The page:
College Fire Statistics
- An average of 141 structure fires occur in fraternity and sorority houses every year
- The 3 leading causes of fires in collegiate housing are: arson, cooking and smoking
- The 3 leading causes of fire injuries in collegiate housing are: cooking , smoking and arson
- 80% of all US fire deaths occur in residences
- The 3 areas where residential fires most occur are in the kitchen, bedroom and living room
- Candles and incense cause 12,000 residential fires annually
- Torchier lamps burn at 1,100 degrees Fahrenheit
- Nationwide, flames or toxic smoke from smoldering mattresses and sofas kill 1,500 people yearly, injuring another 7,000
- About 33% of dormitory fires are deliberately set
- 73% of dorm fires in the 1990’s were in buildings without automatic sprinklers
How to Decrease Risk Among Young Adults?
So, how do we lower the risk to young adults? Like any other demographic, it seems increased awareness may have a positive impact. From the articles and research, it seems raising awareness among parents of young adults and among young adults themselves, possibly safer practices can be the result. As a great percentage of fires involve college students, awareness programs on campuses could decrease the number of burn injuries and fatalities. As many of the fire-related injuries involve alcohol, increasing the information regarding the risk of fires could be helpful as well as stiffer penalties for fire alarm pranks and fire code violations.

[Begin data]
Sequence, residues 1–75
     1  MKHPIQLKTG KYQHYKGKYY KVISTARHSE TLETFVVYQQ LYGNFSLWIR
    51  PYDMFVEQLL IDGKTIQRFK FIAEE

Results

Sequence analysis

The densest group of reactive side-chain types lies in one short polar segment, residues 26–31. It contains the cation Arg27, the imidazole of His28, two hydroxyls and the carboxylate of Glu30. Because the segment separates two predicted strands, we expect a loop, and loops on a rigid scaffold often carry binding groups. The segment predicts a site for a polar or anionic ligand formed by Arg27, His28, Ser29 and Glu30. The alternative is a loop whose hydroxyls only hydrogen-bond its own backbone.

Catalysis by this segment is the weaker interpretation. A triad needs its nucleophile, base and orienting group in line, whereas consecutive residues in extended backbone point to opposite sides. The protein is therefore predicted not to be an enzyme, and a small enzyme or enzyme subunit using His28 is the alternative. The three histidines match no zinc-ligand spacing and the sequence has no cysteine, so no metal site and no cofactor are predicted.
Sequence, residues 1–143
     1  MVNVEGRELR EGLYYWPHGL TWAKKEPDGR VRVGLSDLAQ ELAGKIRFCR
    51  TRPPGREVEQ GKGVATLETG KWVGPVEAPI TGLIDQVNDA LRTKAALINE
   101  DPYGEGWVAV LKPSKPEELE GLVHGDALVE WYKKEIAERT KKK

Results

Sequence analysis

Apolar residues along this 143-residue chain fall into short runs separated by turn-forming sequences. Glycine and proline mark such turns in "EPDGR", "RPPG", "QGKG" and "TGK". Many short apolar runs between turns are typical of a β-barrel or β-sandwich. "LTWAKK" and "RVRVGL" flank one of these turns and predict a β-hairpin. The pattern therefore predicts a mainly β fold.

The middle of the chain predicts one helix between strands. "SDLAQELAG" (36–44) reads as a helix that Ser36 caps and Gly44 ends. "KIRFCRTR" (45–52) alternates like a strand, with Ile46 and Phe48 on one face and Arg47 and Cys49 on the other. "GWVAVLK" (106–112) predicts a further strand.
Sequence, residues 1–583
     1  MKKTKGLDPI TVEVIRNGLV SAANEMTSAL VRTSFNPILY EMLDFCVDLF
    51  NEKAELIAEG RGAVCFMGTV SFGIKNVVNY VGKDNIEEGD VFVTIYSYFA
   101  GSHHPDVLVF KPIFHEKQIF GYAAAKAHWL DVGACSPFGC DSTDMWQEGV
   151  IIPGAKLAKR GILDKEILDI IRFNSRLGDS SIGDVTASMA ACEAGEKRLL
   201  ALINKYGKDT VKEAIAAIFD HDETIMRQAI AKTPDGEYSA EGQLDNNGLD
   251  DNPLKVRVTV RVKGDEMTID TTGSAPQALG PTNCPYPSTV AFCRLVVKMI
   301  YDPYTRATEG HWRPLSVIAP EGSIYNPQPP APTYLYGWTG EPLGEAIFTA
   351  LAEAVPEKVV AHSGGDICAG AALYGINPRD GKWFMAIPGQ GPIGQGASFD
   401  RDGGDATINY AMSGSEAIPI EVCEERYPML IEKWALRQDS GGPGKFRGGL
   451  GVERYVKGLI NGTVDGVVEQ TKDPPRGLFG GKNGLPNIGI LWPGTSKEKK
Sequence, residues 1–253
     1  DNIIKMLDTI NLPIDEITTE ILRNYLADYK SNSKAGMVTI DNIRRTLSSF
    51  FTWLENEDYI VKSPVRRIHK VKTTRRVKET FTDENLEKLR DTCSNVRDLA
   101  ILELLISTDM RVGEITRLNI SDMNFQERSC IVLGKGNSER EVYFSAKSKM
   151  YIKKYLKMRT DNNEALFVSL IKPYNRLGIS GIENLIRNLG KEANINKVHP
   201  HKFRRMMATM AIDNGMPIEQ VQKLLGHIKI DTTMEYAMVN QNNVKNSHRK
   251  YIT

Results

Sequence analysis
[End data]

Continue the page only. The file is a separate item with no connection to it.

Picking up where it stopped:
I remember college well…fondly! Fire safety was not my biggest concern as a college age person just as I’m sure it does not dominant the safety thoughts of current college age people. When a tragedy occurs on a college campus or near a college campus such as a fire fatality, awareness is raised for awhile in that area. Fire awareness would be a great topic for safety management departments to take up as a cause, if they do not already.
The dangers of drinking and driving are covered well and yet, some young adults disregard the danger due to the attitude/thought of “It will never happen to me”. As we get older, we realize that yes, it could happen to us. Some of this is a product of age and wisdom. So the very nature of being young works against the young adult’s safety regarding fire risk as in so many other activities such as driving. Awareness and encouragement are the two most positive things we can do to influence young adults regarding fire risk awareness.
If you have been in an accident whether it was a car accident or an accident involving fire at a facility/residence, you may need a personal injury attorney. Our attorneys understand the importance of investigations and follow through which are two important factors in brining a personal injury case. If you are not sure whether or not you need an attorney, we are available seven days a week and offer free consultations. Call us locally (314) 276-1681 or toll free (314) 276-1681
Source: Leaving Home Safely. American Burn Association.